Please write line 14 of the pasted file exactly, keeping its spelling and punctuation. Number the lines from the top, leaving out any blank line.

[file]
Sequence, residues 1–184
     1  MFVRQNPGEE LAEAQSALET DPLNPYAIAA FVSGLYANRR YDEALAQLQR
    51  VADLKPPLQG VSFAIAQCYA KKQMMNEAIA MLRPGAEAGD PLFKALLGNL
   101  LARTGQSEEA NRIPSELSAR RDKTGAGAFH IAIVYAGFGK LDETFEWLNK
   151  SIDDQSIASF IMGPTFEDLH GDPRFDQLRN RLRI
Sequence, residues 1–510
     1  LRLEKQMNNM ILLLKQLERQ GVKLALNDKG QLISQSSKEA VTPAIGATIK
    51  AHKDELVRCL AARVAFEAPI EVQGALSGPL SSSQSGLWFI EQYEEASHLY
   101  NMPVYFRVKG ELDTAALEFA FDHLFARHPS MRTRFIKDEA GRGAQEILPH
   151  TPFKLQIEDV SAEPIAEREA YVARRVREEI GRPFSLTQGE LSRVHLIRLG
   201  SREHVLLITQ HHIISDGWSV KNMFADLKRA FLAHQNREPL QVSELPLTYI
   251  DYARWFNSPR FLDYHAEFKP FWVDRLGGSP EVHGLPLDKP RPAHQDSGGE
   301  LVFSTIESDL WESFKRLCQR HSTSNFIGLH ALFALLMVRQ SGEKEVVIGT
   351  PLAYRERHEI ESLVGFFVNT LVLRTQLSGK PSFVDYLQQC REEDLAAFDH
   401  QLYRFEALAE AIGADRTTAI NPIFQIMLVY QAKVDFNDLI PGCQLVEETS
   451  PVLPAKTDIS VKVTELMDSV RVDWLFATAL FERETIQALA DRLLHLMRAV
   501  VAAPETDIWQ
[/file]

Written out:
   351  PLAYRERHEI ESLVGFFVNT LVLRTQLSGK PSFVDYLQQC REEDLAAFDH